Sara also argues that Measure 90 will actually reduce choice. Not true. In the current system, most general elections are not competitive. 90 percent of the time one of the major parties is so dominant in a district the general election race is not competitive and the result is a foregone conclusion. That's not what a thinking person calls real choice. Having minor parties represented on the general election ballot, but who only have a chance of being a spoiler, is not real choice either. We haven't elected a minority or independent candidate to the legislature or to a statewide office in over 40 years.

Having two candidates on the ballot in a truly competitive race is real choice, and real Democracy. Measure 90 will ensure that we get more of that. The beauty of Measure 90 is that it returns power to the voters and will loosen the grip of the political establishment that Sara represents, and who fear any change in the status quo.

—Mike Hollern


Children like to alter their consciousness by riding on roller coasters and adults like to alter their consciousness by imbibing intoxicants. There is nothing wrong with altering one's consciousness. It is one way of having fun. Our big human brains enjoy altering the routine of everyday life.

An intoxicant is any substance that significantly alters one's body chemistry or psychological condition as it is being metabolized. There are good and bad intoxicants. Tobacco is an addictive and extremely carcinogenic intoxicant, alcohol is a powerful and devastating-in-quantity intoxicant, and coffee is a mild and relatively harmless intoxicant. Marijuana is a bit more intoxicating than coffee but an order of magnitude less intoxicating than alcohol or tobacco. It is stronger than tobacco (but not alcohol) in terms of altered sensations and perceptions; but in terms of its toxicity—the main drawback with intoxicants—it is strictly minor league compared to either tobacco or alcohol. Marijuana causes neither hangovers nor cancer.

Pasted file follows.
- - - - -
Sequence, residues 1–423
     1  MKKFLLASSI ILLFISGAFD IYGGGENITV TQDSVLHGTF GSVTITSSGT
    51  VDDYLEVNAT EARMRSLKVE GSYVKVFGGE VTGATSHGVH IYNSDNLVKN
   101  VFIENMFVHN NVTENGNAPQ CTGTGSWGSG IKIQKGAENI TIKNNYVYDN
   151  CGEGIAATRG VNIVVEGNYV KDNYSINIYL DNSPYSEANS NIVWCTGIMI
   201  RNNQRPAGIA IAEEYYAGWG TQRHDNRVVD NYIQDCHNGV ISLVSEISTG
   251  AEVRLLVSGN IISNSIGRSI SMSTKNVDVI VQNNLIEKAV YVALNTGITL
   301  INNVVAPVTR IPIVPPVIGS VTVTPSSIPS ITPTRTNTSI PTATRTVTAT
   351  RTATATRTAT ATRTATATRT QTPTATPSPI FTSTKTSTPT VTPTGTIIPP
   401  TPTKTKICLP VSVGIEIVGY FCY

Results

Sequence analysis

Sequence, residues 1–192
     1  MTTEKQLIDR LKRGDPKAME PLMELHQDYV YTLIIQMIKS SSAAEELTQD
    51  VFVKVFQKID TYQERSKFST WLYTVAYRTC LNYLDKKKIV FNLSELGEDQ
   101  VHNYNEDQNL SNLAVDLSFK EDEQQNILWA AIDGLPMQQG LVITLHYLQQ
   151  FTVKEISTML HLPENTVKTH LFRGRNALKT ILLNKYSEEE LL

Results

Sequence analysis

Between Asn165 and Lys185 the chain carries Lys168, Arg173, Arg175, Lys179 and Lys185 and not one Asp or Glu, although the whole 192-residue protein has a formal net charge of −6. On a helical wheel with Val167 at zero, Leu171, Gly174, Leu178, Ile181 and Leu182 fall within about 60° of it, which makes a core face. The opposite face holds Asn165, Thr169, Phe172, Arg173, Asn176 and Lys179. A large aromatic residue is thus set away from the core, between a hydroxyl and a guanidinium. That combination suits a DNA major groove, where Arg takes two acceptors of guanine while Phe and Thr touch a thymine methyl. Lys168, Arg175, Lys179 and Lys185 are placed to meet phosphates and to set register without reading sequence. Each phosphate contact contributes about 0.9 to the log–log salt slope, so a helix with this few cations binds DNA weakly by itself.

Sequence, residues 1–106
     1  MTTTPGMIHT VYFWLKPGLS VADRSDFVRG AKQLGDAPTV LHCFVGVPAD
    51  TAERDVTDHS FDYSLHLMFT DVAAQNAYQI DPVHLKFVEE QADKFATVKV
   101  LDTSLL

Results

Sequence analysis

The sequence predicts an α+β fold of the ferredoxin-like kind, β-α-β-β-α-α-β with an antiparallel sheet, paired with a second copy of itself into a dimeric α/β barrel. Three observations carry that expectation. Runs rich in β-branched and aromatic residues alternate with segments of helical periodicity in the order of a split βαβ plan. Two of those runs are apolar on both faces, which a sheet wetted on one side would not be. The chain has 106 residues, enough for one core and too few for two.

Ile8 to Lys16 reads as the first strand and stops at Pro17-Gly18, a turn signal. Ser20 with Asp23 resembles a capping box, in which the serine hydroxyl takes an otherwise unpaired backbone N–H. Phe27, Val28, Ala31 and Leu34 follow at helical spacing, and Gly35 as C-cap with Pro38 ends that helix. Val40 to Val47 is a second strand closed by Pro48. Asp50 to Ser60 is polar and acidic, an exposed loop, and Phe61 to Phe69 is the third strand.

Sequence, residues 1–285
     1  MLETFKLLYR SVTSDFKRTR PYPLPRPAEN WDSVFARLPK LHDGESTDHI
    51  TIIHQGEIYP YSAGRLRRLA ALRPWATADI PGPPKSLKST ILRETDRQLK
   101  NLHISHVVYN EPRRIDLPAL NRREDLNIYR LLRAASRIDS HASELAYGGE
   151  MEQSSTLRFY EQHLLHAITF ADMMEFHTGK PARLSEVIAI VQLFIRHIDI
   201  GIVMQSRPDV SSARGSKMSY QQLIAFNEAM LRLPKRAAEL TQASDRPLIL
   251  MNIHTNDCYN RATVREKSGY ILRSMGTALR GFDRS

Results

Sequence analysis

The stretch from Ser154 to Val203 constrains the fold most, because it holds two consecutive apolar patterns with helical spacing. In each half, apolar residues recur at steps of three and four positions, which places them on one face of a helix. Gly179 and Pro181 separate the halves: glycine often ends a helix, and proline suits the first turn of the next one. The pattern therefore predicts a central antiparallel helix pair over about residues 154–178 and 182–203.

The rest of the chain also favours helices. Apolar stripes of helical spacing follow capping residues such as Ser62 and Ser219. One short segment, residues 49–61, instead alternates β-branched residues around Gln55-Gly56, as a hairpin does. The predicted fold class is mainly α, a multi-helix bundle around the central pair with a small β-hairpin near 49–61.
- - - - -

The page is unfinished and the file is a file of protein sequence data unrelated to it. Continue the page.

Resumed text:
A few days ago I hiked briskly uphill for two hours in the mountains. I never take alcohol on a hike because it would tire me and make the trip home much more difficult, and if I used tobacco I would be incapable of hiking uphill for two hours at any pace. But toking a pinner is a time-honored way of celebrating one's arrival at the point of highest elevation on a mountain hike. After doing that with an unusually potent variety of upper weed, I was surprised to discover no additional effect upon the "high" than my high-elevation hike had already provided! Potent, upper weed and hiking briskly in mountain air provide the same light-headed euphoria! Exercisers love the endorphin effect of an aerobic workout, so it is no wonder weed is so popular with the hiking, jogging, and biking crowd: instead of making you clumsy, tired, and sick as alcohol can or instead of making you a reeking, diseased addict as tobacco does, marijuana can make you feel like you have just taken a rigorous and inspiring hike in the mountains! Now that's a benign intoxicant!

I encourage voters to legalize recreational marijuana not just because it will bring in tax revenue, create jobs, and allow the justice system to focus its resources on real crime, but mainly because marijuana is so much less harmful than alcohol or tobacco. One long-range result of legalization may be fewer vehicle accidents because pot does not induce reckless behavior as does booze. Vote YES on Measure 91 and let's end the senseless, wasteful, unfair, and nearly century-long prohibition on this beneficial plant.

—Eddie Kozmic

Letter of the week: Does coffee count as an intoxicant? Well, if so, count us peddlers! Eddie, how about after sending in your ballot with a Yes vote on Measure 91, hiking on over to our offices and picking up your Letter of the Week prize: A $5 gift certificate to Palate!